Criminal Law Paper

1389 Words Sep 5th, 2013 6 Pages
Criminal Law
August 5, 2013

Criminal Law
Supreme Court case Missouri v. McNeely, 569 U.S. __ (April 17, 2013) On October 3, 2010 Officer Mark Winder stopped Tyler G. McNeely for speeding and driving over the center line. Officer Winder noticed that McNeely was apparently intoxicated, his eyes were bloodshot, his speech was slurred, and he smelled of alcohol. McNeely admitted to Officer Winder that he had been drinking, but only had a couple of beers. Officer Winder had McNeely run through a series of field sobriety tests, which he failed. Officer Winder asked McNeely to submit to a breath test, but McNeely refused. Officer Winder placed McNeely under arrest and was transporting him to the police station, and again McNeely told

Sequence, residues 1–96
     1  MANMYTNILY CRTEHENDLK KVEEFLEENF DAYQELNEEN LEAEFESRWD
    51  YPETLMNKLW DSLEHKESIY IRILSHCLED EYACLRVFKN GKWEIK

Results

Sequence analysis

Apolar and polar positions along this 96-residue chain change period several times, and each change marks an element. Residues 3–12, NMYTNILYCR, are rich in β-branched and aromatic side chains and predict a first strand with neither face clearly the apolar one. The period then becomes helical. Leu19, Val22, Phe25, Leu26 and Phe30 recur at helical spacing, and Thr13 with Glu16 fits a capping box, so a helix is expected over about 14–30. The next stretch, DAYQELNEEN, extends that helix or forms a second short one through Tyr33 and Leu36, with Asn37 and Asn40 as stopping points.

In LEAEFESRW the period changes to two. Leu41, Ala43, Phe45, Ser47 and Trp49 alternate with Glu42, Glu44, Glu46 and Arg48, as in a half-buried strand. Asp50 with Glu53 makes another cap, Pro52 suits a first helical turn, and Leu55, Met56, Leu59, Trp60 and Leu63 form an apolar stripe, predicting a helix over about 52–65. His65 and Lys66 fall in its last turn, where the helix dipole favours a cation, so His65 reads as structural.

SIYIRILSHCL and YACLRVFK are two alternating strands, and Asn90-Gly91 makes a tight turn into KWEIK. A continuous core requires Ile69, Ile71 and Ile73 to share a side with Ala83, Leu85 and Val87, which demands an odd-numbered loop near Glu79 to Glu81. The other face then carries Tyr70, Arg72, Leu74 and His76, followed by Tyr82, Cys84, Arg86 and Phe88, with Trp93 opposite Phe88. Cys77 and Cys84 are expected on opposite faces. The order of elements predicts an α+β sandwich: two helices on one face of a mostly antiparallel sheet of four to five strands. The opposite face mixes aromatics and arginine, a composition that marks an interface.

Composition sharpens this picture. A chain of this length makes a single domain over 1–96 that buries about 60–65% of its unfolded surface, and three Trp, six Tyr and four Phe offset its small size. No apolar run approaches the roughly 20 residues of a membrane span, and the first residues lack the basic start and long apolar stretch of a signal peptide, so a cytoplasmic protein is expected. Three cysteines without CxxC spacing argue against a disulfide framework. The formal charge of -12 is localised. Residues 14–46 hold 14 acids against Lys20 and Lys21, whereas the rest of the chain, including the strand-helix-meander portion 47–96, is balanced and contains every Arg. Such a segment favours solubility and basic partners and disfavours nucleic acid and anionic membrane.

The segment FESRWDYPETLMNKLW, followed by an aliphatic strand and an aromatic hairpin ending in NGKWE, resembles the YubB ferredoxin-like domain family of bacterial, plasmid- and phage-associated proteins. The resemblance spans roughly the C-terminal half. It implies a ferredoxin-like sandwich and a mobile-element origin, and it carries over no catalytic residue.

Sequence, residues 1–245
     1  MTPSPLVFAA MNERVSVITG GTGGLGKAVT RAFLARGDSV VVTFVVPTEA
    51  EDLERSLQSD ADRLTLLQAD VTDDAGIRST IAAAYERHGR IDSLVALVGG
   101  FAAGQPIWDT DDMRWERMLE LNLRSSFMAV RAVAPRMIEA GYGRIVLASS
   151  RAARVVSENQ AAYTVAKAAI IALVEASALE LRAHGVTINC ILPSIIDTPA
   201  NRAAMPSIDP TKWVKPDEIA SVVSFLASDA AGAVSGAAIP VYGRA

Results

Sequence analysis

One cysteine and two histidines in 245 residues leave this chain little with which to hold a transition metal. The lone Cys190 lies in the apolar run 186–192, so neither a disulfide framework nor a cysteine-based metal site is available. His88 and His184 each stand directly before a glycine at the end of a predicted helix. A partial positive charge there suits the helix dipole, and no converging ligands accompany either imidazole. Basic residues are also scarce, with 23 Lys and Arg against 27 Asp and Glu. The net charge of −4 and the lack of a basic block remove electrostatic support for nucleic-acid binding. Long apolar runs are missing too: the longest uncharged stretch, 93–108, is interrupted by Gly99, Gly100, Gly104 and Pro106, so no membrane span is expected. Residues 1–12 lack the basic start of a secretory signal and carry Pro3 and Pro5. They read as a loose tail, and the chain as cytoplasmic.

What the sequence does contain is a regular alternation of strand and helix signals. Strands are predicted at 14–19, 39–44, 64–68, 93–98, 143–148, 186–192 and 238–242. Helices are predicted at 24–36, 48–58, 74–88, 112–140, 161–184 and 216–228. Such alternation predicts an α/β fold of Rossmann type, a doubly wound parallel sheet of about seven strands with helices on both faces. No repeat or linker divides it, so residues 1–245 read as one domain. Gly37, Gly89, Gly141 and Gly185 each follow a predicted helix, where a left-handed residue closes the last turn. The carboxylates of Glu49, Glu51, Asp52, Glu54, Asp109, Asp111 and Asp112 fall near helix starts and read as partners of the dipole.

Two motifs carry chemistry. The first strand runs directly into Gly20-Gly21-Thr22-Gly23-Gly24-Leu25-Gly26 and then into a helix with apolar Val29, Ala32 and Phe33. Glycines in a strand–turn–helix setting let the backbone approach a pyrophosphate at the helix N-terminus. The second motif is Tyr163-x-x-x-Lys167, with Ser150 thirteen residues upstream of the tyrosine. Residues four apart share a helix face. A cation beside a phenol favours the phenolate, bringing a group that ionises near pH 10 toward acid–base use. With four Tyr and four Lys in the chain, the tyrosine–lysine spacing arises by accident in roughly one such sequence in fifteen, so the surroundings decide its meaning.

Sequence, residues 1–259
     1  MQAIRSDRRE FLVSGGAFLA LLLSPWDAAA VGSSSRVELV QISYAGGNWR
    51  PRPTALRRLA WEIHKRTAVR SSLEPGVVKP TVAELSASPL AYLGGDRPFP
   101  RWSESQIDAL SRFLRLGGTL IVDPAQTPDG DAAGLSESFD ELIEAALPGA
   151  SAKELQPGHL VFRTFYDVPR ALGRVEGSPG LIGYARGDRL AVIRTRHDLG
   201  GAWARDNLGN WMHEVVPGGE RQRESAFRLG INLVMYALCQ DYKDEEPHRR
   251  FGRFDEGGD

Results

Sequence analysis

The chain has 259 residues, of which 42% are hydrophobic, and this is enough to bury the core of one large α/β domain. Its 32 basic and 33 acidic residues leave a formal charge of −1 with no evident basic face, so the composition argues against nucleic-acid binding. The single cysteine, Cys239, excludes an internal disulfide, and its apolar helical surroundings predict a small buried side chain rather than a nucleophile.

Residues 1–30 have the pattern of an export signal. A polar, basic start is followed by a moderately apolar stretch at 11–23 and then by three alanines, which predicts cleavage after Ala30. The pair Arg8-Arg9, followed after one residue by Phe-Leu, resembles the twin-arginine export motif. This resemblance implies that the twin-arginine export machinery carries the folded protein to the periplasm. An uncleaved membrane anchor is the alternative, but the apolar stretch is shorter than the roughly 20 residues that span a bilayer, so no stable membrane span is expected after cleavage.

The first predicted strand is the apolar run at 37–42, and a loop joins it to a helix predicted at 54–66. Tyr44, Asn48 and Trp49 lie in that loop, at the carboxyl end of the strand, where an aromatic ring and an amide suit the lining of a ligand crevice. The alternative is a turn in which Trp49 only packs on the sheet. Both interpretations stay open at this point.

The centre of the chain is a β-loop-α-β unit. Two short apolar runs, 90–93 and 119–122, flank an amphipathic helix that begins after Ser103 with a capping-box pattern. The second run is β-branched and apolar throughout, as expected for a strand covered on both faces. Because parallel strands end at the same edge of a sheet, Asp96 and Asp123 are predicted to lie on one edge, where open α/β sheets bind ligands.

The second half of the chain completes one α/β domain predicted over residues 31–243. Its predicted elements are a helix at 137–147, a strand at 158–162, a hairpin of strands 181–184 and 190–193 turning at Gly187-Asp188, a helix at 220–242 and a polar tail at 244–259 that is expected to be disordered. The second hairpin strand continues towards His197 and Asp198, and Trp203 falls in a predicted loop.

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The trial court ruled that the exigency exception did not apply in this circumstance because there was no evidence to suggest that officer Winder faced an emergency circumstance. In a related case, Schmerber v. California 1966, the Supreme Court ruled that no warrant was required to obtain a blood sample without consent from a suspected drunk driver after an accident in which the driver or passengers had been injured. This is because alcohol levels dissipate over time, it takes the officer time to investigate the accident, and to transport injured persons to the hospital by which time the suspects BAC may be completely diminished (Schmerber v. California, 1966). On June 21, 2011, the Missouri Court of Appeals reversed the Trial Courts decision, stating that the exigent circumstance exception to the Fourth Amendment applied, so Officer Winder did not need to obtain a warrant for the blood test. However, the Court of Appeals transferred the case to the Missouri Supreme Court, giving the Supreme Court Jurisdiction, which in turn reversed the Court of Appeals decision, and affirmed the Trial Courts ruling (Cornell University Law School, n.d.). In the Supreme Court of the United States document (2013) Supreme Court Justice Sotomayor delivered his opinion stating that "In drunk-driving investigations, the natural dissipation of alcohol in an individual's bloodstream does not constitute and exigency in every case

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